Remembering when boats learned to fly Aviation: The China Clipper, built in Middle River, was once the largest plane anyone had ever seen. A model of it will soon hang at BWI.

Way Back When

September 19, 1998|By Frederick N. Rasmussen | Frederick N. Rasmussen,SUN STAFF

On Friday morning, Sept. 25, state transportation officials, aviation historians, two retired Pan American Airways pilots and other invited guests will look to the ceiling of the Gov. William Donald Schaefer International Terminal at Baltimore Washington International Airport and recall the balmy days of aviation when the famed China Clipper was the largest plane in the world.

The gathering will dedicate a large model of the storied plane that launched Pan American's trans-Pacific service in 1935, a plane designed, built and tested at the old Glenn L. Martin Co. plant in Middle River.

By the early 1930s, Pan American was expanding its over-water commercial operations and began successfully and safely flying routes to the West Indies and South American mainland.

Juan T. Trippe, Pan Am president, began to envision trans-ocean service and turned to Martin to design a plane that could span oceans yet be profitable to operate.

Guy Lee Bryan, chief designer of the China Clipper, came up with an airplane that was 90 feet, 7 inches long with a wing span of a 130 feet.

The M-130, its official Martin designation, weighed about 26 tons, was 25 feet high and was powered by a quartet of Pratt & Whitney 800-horsepower Wasp engines that propelled the plane 130 miles an hour. With a 3,000-mile nonstop cruising range, the Clippers carried 43 passengers and a crew of seven.

Martin was contracted by Pan Am to build three flying boats at a cost of $417,000 each: The China Clipper, Philippine Clipper and the Hawaiian Clipper. They were also known simply as Flying Clippers Nos. 7, 8 and 9.

"It was an elegant craft capturing the aesthetic imagination and evoking the memory of the ships which gave the Clipper flying boats their names," wrote R.E.G. Davies, curator of air transport, Aeronautics Division of the National Air and Space Museum, in his book, "Pan Am: An Airline and its Aircraft."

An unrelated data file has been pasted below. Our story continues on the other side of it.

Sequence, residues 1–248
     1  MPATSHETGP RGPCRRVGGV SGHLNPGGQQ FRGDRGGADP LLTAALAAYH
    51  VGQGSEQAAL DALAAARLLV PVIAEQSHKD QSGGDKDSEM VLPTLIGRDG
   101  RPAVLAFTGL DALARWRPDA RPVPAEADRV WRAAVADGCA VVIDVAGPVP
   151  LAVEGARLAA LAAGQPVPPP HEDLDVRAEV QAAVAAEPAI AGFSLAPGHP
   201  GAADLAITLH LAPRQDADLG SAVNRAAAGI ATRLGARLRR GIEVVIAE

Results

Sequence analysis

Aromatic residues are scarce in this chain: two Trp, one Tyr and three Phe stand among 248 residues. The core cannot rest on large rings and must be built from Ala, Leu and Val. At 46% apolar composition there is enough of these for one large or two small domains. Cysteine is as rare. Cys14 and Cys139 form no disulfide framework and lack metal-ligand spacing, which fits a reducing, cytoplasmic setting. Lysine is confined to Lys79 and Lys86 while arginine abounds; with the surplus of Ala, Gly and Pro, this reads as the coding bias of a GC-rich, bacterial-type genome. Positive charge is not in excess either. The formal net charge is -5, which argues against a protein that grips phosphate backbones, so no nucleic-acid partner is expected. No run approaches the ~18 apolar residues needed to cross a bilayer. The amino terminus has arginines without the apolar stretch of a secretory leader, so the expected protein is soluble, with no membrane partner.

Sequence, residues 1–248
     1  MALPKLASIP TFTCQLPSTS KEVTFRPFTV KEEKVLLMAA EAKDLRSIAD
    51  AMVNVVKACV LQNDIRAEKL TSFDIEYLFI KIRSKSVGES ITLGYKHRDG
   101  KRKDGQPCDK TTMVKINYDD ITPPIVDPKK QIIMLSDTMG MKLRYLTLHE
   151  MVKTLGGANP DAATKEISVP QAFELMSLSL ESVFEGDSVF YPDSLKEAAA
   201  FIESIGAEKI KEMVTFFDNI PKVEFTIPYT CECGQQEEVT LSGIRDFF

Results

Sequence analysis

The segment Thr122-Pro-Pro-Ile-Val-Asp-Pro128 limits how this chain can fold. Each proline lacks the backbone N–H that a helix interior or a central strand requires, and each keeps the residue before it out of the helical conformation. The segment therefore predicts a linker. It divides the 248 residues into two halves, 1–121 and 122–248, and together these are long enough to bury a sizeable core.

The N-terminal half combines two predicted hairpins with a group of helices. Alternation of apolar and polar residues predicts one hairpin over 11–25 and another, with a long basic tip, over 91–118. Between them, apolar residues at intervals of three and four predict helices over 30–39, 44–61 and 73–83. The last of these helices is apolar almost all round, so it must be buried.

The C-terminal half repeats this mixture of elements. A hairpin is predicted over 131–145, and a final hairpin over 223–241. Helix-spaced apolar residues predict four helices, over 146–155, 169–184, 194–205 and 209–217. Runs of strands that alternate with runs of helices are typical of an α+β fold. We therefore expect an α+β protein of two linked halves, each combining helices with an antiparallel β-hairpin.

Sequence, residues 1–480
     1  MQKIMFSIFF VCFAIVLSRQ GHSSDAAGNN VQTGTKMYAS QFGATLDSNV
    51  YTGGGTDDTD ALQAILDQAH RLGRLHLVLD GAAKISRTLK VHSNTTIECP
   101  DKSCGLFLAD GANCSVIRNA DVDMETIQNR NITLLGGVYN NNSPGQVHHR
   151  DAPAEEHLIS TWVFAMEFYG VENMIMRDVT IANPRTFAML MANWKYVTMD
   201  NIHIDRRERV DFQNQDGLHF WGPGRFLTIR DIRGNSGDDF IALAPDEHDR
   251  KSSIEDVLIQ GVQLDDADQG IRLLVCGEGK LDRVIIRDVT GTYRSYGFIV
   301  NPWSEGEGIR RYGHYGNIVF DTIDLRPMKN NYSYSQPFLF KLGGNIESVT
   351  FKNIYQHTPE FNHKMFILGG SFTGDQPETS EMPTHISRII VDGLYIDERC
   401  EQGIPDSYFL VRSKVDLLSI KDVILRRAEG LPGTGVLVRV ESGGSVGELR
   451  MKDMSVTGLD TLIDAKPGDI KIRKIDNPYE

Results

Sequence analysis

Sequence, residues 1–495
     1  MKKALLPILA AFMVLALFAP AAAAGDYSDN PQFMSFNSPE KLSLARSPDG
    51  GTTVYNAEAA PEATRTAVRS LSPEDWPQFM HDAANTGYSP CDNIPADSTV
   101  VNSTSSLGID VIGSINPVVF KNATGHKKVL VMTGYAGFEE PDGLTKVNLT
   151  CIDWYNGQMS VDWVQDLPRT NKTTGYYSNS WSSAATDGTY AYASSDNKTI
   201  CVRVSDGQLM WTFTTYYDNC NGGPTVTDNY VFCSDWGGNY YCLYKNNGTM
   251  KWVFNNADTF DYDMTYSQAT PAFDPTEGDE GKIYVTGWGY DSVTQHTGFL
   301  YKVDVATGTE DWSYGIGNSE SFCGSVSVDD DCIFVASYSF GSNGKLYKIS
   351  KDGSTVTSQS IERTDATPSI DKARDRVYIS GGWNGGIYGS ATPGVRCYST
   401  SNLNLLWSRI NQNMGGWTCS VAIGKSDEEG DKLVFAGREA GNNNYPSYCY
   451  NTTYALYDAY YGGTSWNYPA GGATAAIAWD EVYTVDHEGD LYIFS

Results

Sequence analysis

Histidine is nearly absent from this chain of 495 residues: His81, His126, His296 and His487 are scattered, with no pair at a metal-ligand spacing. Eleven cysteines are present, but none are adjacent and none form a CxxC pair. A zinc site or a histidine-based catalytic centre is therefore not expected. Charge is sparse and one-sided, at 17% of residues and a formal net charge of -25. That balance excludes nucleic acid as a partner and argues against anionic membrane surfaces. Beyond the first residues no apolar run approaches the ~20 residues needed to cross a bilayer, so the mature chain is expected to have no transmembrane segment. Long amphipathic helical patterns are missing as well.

However, there was doubt among senior Martin engineers as to the feasibility of building such a craft. "It can't be done. Such a ship can't be built, much less fly," they said.

"They will fly," said Glenn L. Martin.

On Oct. 9, 1935, Col. Charles A. Lindbergh, chairman of Pan Am's technical committee, flew his black and red mono-coupe from North Haven, Me., to New York, where he picked up Trippe. He was flying him to Baltimore, where Trippe was to accept delivery of the China Clipper. Anxious to avoid crowds, the famed aviator watched the ceremonies from behind windows of the Martin plant.

Declining Trippe's offer to fly the plane on its first passenger-carrying voyage, Lindbergh told The Sun, "Those boys are going to fly it across the ocean -- let them take it on its maiden trip," referring to the plane's regular crew.

"The huge ship was trundled out of its hangar early this morning and groomed for the flight to the Capital," reported The Evening Sun. "The name China Clipper is lettered black over the Pan Am insignia on her silver bow."

What greeted the 38 passengers was something whose interior was part ship and part Pullman car.

"The interior of the ship is divided into a galley, a lounge, three sleeping compartments and lavatories. The interior walls are gray and the upholstery in the compartments and the lounge is green. ... When the chairs in the compartments are made up into berths, they are draped with a black and white Scotch plaid linen," said the newspaper.

"Giant silver wings yesterday afternoon lifted America's greatest flying boat -- the China Clipper -- from the waters of the Chesapeake to write the initial chapter in a new epoch of maritime transportation history," reported The Sun.

As the crowd onshore focused its attention to the plane, its giant engines roared to life, with Capt. Edwin C. Musick, the airline's chief test pilot, at the controls.

Glenn L. Martin sat in his car with his mother watching his creation spring to life.

A reporter approached and asked, "Is there any doubt about her flying?" he asked.

"I'm interested in those ducks," he said pointing to a flock of ducks skimming above the surface of the water.

"They don't worry about flying," he said.

The big plane's takeoff was reported in detail: "Under the stub wing gasoline tanks the water churned, furrowed by the corrugations on the bottom of the lower wings. Faster and faster the enormous craft raced over the surface of the bay,the engines high above bursting into a thunder sound. Inside the compartments, however, the noise of the unleashed power of the motors was diminished so greatly by the soundproofing that persons sitting opposite one another could engage in normal conversation."

Eighteen seconds later as the shoreline flickered past the windows, "the Clipper was rising from its own foaming wake. Swiftly the plane swung skyward, climbing steadily in a great circle over and past Fort Carroll. ... Westward were the towers of downtown Baltimore, dwarfed to insignificance by the height at which the plane flew."

Baltimore Sun Articles
|
|
|
Please note the green-lined linked article text has been applied commercially without any involvement from our newsroom editors, reporters or any other editorial staff.